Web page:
When do topdown approaches improve the forecasts?
The decision to use a topdown or a bottomup approach often hinges upon two important issues.
1. Are the lower level units likely to require distinct statistical models?
This would be the case if the market forces that shape sales at the lower level are different. Different markets, different advertising and promotion, and different distribution all favor creation of distinct modelbased forecasts. If apples and oranges have distinctly different markets, then you will probably do better to forecast them separately.
If not, then there is often a distinct advantage to forecasting top down from the aggregated “fruit.” If the lowerlevel data are statistically similar, forecasting at a group level will generally result in a more accurate forecast because:
A. a higher volume of data is available.
B. there is less “noise” (random variation) in the aggregated data that could skew the forecast.
C. the aggregated data will often exhibit a more pronounced structure, making patterns easier to recognize and forecast.
2. Is there sufficient statistical information in the lower level historic sales to construct a model based only on those sales?
Many organizations that need to generate lowlevel forecasts discover that at the lowest levels there simply is not enough structure to generate meaningful statistical forecasts directly from the lowlevel data. In these cases there is little choice but to generate the lowestlevel forecasts not with statistical models, but rather by using some type of topdown allocation scheme.
Let’s illustrate this with an example.
Figure 1
Figure 2
Figure 1 shows monthly sales for a brand of cough syrup. Figure 2 shows monthly sales for a specific SKU. The company assigns a unique SKU number to each flavorbybottlesize combination that it produces.
Consider the two graphs. Notice that at the brand level, there is more structure to the data. The seasonal pattern is readily apparent and there is less noise. More than three years of demand history is available at the brand level, while only 10 months of history exists for the recently introduced SKU.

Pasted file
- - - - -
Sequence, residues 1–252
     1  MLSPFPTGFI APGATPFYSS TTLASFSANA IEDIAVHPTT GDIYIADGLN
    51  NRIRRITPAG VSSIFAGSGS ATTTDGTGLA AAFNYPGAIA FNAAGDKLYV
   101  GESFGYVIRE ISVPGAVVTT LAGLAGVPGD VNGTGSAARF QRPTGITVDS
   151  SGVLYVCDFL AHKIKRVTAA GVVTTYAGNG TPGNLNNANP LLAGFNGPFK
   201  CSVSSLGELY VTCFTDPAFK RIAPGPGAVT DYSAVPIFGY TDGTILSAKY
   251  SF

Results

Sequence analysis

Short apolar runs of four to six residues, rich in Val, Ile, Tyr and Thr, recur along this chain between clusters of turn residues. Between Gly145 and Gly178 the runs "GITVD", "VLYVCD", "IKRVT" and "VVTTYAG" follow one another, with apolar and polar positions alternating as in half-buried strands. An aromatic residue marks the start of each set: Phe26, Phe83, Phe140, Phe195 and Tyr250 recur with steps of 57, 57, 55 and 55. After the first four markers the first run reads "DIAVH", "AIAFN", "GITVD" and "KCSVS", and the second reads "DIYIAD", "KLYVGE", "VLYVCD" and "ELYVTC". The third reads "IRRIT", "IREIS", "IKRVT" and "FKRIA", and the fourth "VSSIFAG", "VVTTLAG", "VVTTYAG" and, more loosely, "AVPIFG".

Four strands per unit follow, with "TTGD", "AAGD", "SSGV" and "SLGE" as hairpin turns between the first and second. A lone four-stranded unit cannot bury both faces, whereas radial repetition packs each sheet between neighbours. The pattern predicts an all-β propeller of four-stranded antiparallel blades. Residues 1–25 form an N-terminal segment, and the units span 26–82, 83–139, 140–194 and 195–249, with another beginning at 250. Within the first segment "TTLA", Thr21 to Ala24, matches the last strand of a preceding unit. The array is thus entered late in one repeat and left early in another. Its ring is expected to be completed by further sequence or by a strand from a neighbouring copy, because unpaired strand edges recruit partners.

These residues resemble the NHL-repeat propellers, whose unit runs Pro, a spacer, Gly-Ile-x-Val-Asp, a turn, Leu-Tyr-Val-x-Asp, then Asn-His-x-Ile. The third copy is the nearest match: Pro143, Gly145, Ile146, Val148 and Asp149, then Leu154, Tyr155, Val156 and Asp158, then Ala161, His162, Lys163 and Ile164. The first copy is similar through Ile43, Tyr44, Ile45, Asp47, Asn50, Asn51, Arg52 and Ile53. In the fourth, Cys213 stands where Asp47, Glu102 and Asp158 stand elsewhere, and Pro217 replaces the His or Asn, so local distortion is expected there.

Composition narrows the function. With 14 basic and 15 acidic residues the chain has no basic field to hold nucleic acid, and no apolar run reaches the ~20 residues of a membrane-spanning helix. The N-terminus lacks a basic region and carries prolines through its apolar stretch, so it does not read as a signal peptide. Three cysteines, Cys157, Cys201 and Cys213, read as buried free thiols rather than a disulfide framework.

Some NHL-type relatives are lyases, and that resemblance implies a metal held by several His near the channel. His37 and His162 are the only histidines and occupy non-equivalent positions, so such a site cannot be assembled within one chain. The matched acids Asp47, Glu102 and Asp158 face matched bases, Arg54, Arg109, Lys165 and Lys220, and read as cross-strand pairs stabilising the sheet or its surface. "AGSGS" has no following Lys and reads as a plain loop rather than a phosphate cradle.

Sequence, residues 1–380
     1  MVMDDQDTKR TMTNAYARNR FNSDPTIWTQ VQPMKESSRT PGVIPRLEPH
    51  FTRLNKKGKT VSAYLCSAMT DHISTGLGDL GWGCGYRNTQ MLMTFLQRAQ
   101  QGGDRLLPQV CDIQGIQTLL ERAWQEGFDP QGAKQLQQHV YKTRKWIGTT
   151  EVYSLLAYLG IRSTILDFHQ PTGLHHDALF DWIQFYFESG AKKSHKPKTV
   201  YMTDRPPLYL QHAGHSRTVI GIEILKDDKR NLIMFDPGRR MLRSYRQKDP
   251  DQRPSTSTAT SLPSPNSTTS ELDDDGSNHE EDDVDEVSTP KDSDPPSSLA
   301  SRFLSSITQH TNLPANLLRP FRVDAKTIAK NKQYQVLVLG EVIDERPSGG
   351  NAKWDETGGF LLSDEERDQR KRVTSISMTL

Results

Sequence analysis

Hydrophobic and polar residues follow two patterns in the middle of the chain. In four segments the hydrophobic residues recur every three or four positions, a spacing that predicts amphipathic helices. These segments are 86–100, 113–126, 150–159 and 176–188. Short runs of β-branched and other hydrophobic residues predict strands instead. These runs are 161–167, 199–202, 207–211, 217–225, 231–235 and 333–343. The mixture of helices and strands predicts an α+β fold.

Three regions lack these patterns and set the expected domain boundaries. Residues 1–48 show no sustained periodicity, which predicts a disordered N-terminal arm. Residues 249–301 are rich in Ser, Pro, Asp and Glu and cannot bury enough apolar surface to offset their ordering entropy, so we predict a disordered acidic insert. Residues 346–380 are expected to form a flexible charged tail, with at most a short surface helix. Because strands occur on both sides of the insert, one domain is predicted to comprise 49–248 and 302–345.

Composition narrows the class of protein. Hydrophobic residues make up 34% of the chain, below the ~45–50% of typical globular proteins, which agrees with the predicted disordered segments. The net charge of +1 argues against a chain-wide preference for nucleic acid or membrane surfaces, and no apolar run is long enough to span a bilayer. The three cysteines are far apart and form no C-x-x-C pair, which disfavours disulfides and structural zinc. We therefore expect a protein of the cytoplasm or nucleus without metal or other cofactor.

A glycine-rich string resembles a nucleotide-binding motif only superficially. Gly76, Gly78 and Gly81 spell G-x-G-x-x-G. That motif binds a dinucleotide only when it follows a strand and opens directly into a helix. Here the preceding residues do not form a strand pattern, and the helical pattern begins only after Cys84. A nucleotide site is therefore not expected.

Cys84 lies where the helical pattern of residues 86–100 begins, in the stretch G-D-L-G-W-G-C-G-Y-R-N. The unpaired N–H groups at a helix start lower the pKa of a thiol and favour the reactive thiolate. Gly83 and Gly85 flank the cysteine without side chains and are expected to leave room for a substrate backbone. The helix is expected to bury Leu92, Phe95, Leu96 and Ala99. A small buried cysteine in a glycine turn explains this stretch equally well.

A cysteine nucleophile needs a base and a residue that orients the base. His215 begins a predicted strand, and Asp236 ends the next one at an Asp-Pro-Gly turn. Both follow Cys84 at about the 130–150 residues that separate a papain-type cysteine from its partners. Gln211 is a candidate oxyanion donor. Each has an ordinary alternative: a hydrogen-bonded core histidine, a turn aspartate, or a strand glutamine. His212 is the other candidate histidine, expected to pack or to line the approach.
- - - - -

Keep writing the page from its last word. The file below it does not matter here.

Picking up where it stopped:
In this example, the lack of history at the SKU level doesn’t allow you to build a seasonal forecasting model directly from the data. Thus, since cough syrup is clearly a seasonal product, a bottomup approach will yield very poor forecasts. On the other hand, a topdown approach allows you to capture the seasonal structure that exists at the group level and introduce it to the SKUlevel forecasts via the topdown adjustments.
Summary
Most organizations find that using automated time series approaches—such as those implemented in Forecast Pro—work quite well for the vast majority of their items and offer substantial advantages over ad hoc forecasting with spreadsheets. In this series of articles, we have discussed the pros and cons of automatic time series approaches and also explored event modeling and topdown forecasting—two alternative forecasting approaches that often improve forecast accuracy for the subset of your items where automatic time series models do not perform well.
About the author:
Eric Stellwagen is Vice President and cofounder of Business Forecast Systems, Inc. (BFS) and coauthor of the Forecast Pro software product line. He consults widely in the area of practical business forecasting—spending 2030 days a year presenting workshops on the subject—and frequently addresses professional groups such as the University of Tennessee’s Sales Forecasting Management Forum, APICS and the Institute for Business Forecasting. Recognized as a leading expert in the field, he has worked with numerous firms including CocaCola, Procter & Gamble, Merck, Blue Cross Blue Shield, Nabisco, OwensCorning and Verizon. He is also currently serving on the board of directors of the International Institute of Forecasters (IIF).